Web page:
FusionOps launches business intelligence, process automation modules

FusionOps, an on-demand enterprise performance management company, will launch a new business intelligence module that may compete with the very ERP vendors it partners with.

FusionOps, an on-demand enterprise performance management company, will launch a new business intelligence module that may compete with the very ERP vendors it partners with.

If successful, FusionOps could be on to something big, but it has some tricky waters to navigate. FusionOps' business intelligence tool---called Insight---promises to plug into a company's enterprise planning system and deliver a return on investment in 12 weeks. FusionOps will first connect to SAP and later Oracle.

"Our initial focus is on SAP. then Oracle," explained Ram Mohan, CEO and president of FusionOps. "We wanted to be very ERP centric with the ability to derive metrics and get data from ERP systems. We understand SAP data models and are a software partner."

FusionOps' business intelligence tools, which will be self-serve, will ride shotgun with a process automation service called Streamline. According to Mohan, the business intelligence module can be integrated and running in hours. FusionOps secret sauce is that it takes read-only access to SAP data documents, uploads them to a data center (hosted by RackSpace) and then provides a dashboard with metrics, reports and key performance indicators.

The company has priced Insight at $100 per user with enterprise data hosting of $3,000 a month per company. There's minimum of 10 users.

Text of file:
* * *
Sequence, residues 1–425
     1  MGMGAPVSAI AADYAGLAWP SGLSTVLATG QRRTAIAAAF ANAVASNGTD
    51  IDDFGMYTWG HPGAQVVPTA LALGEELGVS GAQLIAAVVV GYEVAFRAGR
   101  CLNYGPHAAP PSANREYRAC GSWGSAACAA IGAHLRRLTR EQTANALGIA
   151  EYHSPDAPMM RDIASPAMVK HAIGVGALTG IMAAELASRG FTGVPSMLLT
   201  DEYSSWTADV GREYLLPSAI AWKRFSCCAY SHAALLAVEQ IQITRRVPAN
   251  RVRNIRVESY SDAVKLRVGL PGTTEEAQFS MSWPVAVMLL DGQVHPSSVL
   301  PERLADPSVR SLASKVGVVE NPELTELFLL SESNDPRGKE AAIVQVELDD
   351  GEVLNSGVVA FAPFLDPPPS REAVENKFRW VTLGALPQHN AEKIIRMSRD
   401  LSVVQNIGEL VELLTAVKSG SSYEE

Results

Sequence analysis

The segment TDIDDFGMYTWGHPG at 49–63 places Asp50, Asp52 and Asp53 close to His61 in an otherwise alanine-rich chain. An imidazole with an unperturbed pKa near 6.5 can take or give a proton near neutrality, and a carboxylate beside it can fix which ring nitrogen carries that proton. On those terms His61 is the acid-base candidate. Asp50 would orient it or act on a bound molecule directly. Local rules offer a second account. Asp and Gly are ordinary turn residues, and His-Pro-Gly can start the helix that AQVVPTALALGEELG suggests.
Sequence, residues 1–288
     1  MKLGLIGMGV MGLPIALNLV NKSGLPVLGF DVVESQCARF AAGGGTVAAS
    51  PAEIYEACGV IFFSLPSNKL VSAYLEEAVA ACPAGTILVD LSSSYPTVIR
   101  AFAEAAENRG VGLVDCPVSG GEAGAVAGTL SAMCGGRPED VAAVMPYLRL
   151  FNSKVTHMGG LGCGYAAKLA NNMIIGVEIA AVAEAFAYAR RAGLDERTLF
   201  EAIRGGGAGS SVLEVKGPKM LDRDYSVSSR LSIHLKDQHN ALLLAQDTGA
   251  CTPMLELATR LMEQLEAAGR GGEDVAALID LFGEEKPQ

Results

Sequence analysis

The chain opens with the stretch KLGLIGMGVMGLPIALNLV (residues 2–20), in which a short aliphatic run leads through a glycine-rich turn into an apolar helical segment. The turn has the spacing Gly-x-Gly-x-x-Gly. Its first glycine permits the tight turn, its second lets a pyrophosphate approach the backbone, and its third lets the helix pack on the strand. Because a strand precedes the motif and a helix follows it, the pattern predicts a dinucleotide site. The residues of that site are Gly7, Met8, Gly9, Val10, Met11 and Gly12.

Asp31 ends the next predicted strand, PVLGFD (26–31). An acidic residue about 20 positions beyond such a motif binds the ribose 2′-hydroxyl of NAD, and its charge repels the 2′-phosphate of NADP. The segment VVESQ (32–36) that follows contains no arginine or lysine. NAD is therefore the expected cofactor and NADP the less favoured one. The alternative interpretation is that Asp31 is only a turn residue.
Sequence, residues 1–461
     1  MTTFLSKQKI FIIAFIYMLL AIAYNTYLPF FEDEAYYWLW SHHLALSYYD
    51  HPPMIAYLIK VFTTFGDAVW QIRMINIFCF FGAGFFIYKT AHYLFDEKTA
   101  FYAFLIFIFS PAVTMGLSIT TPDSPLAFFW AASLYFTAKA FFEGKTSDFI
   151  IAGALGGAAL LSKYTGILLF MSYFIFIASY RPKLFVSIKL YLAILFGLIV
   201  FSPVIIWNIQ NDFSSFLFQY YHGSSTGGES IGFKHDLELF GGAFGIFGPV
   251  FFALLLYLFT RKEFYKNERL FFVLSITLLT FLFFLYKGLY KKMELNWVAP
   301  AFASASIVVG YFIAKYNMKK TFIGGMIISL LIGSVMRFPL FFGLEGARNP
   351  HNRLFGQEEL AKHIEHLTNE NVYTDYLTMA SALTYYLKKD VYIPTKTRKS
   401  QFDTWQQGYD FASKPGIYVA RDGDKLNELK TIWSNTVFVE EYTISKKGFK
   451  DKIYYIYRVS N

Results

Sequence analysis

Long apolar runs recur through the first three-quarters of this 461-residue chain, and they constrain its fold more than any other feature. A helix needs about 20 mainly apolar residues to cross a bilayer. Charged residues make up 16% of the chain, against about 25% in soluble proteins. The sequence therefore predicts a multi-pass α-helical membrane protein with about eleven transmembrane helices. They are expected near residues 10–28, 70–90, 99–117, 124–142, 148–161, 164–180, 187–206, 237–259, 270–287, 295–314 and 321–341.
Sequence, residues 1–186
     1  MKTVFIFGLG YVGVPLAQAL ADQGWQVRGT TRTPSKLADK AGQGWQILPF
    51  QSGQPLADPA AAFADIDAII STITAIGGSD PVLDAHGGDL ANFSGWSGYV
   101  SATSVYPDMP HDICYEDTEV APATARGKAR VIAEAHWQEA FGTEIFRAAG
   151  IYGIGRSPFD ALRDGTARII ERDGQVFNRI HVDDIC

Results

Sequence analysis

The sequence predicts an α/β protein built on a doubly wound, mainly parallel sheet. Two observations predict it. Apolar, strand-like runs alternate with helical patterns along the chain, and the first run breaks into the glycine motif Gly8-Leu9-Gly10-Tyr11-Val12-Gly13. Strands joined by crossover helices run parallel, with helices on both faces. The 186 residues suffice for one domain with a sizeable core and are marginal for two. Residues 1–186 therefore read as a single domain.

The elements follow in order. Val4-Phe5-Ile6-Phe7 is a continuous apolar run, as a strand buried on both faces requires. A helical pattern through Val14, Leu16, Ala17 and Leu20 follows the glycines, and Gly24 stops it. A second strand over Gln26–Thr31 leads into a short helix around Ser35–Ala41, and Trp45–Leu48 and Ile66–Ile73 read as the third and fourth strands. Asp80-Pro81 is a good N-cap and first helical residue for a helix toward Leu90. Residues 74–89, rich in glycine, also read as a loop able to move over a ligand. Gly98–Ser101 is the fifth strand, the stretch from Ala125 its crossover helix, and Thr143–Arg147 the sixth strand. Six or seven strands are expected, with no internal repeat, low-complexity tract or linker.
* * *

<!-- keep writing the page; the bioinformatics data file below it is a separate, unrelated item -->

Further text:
The company also launched an on-demand service dubbed Streamline, which automates procurement and supplier management processes. FusionOps is pitching ROI in 8 to 12 weeks. Streamline is based on functionality needed and subscriptions start at $5,000 a month.

Here's the pitch:

It's hard to argue with the return potential with a SaaS-based business intelligence tool, but Mohan acknowledges some potential conflicts. After all, SAP bought Business Objects for business intelligence and Oracle owns Hyperion. Are these two giants really going to let FusionOps poach customers in the long run?

"I see the conflict with BusinessObjects," said Mohan. "BusinessObjects is a tool that derives a lot of metrics, but it's cumbersome. Customers can use BusinessObjects, but if they want to see metrics out of the box they can use our service."

Mohan's bet: FusionOps' pitch of metrics in a day will trump a 6 to 9 month implementation. "Our biggest competition is ERP vendors," said Mohan.